Your own jQuery Deferreds

One of the first and most well received posts on the JavaScript Playground introduced jQuery Deferreds, a new feature in jQuery 1.5 to enable us to manage Ajax requests much easier. Today I want to build on that post by showing you how you can construct your own deferreds, enabling you to run callbacks much more efficiently on any piece of code.

Before Deferreds, if you wanted to run some code once you’d done something trivial, such as fading in a div, you’d do:

$("#myDiv").fadeIn(1000, function() {
	//callback
});

That’s great, but what if later down in your code you want to see if this div has indeed been faded in? One way round it might be:

var divFadedIn = false;
$("#myDiv").fadeIn(1000, function() {
	divFadedIn  = true;
	//callback
});

But that’s messy and you end up with a lot of variables you’d much rather avoid and then you get lots of irritating if(divFadedIn) which really irks me.

That’s where Deferreds come in. In the past post I showed how they work with Ajax calls, but you can also integrate them into your own functions. Say we have a function fade in a div:

var showDiv = function() {
	$("#fadeIn").fadeIn(1000);
});

Integrating Deferreds into this is easy:

  1. Create a new $.Deferred() object.
  2. Resolve the deferred when the code has been executed.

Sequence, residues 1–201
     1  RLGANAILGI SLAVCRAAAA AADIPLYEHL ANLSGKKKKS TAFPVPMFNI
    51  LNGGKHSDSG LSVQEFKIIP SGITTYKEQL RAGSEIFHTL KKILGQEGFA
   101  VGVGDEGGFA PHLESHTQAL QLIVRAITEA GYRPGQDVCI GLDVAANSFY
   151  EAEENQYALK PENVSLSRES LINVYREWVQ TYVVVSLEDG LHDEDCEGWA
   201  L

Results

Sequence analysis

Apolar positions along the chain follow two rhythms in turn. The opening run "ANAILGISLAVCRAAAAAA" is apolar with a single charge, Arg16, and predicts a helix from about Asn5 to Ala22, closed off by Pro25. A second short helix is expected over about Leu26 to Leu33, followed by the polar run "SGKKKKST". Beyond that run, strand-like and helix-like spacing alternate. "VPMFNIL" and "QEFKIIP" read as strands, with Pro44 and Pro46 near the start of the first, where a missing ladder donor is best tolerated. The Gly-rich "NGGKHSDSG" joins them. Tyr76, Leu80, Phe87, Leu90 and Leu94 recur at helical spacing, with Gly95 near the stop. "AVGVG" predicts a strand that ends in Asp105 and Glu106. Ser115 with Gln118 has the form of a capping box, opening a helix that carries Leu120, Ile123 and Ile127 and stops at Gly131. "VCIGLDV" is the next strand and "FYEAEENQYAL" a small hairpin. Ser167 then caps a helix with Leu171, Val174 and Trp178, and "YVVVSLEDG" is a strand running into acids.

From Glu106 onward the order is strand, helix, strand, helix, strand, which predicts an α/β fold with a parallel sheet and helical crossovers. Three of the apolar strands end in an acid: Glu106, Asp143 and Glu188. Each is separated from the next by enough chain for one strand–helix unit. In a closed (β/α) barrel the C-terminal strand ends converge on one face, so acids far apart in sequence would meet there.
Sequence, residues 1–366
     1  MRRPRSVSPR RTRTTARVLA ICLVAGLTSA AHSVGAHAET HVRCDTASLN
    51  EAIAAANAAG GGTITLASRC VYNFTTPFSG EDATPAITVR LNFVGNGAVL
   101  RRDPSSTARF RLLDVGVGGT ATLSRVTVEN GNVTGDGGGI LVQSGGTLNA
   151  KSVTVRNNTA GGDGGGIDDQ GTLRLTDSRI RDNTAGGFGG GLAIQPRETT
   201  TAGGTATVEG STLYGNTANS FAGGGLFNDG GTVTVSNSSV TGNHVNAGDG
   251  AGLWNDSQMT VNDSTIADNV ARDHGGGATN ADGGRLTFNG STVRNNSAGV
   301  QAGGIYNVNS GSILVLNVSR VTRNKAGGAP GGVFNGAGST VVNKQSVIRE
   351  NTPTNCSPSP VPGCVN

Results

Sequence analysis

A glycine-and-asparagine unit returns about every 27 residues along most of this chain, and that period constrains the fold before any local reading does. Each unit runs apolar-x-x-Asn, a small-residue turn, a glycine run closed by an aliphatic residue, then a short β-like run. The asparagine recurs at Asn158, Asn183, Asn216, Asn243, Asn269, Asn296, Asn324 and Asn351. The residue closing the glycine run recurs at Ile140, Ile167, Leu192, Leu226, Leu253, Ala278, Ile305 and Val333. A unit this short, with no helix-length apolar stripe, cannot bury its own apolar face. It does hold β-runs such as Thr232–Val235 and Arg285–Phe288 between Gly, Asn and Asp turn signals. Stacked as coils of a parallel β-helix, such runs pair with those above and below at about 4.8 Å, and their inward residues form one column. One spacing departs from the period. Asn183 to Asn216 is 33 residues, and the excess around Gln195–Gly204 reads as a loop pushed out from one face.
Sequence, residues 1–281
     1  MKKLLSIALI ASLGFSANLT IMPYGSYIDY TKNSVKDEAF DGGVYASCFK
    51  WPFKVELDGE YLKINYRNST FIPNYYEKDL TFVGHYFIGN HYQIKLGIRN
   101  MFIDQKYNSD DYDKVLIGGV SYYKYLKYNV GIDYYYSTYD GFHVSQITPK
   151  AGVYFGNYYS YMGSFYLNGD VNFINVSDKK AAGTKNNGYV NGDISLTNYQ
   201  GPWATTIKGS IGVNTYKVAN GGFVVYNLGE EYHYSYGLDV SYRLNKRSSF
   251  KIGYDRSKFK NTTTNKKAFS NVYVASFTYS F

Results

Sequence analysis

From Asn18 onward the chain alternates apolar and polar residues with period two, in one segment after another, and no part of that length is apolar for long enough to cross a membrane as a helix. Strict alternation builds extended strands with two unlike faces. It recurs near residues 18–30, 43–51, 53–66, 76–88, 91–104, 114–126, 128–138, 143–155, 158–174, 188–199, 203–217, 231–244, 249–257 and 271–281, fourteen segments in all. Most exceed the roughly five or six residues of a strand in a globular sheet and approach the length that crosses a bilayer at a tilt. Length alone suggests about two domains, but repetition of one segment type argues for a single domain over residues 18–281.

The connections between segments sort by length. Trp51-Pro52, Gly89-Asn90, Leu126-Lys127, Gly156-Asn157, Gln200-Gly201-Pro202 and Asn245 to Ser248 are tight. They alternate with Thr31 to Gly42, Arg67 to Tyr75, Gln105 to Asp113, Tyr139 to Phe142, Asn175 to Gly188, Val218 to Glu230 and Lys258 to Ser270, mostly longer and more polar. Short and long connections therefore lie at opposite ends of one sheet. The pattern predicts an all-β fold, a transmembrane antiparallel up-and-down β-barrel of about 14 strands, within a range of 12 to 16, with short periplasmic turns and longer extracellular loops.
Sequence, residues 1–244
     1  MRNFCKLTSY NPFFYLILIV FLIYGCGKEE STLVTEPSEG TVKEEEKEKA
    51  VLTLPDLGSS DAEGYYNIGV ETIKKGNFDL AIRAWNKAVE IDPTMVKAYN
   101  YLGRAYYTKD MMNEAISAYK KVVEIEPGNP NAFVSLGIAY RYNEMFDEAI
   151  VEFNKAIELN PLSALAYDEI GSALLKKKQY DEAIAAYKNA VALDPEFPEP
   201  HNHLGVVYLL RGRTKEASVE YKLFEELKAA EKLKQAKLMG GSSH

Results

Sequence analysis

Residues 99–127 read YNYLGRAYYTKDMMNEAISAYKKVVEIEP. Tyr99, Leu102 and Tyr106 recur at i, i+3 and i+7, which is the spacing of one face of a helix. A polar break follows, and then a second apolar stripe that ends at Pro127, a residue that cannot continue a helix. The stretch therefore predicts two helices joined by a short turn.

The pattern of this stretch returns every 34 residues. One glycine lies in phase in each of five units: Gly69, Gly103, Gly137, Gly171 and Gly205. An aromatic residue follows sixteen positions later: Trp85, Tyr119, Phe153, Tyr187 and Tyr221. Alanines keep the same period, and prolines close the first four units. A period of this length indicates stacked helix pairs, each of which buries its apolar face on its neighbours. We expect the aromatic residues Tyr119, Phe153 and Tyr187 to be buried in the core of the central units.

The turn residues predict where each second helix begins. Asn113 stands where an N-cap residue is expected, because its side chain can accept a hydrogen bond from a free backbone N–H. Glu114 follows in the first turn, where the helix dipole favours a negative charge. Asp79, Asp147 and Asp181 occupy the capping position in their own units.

3. Return the promise().

So the above code now looks like:

var showDiv = function() {
	var def = $.Deferred();
	$("#fadeIn").fadeIn(1000, def.resolve);
	return def.promise();
});

We can then check this has executed like so:

$.when(showDiv()).then(function() {
	console.log("div faded in");
});

Which is a pattern you’ll recognise from the previous post. It’s exactly how we checked an Ajax request was done.

We can go further though, by allowing our Deferred function to return data. The only change here is to call the method def.resolve(), and pass it an object:

var showDiv = function() {
	var def = $.Deferred();
	$("#fadeIn").fadeIn(1000, function() {
		def.resolve({
			elem: this.id
		});
	});
	return def.promise();
});

We can then get at this data easily:

$.when(showDiv()).then(function(resp) {
	console.log("div was faded in with response ", resp);
});

Remember, $.when can accept multiple arguments, so if you had 3-4 functions all along these lines, you could do:

$.when(showDiv(), hideOtherDiv(), foo(), bar()).then();

And if you need to check the state of the div later, you can save the promise to a variable to check:

    var divFaded = showDiv();

Although this doesn’t get rid of my complaint of having to create a few variables, this does tidy it up a bit; we don’t have to manually set values. It’s also rare in practice that you’ll need to do this, at least I’ve found that for me. There’s a lot of power here to be used and there’s a lot more Deferreds are capable of. In a future post, to be the final part of this 3-part series, I’ll look at just what else we can use Deferreds for, and some common errors people make when using them.s



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Headshot of Jack Franklin

Jack is JavaScript and React developer in London. He's also a keen Elm enthusiast, conference speaker and tweets far too often.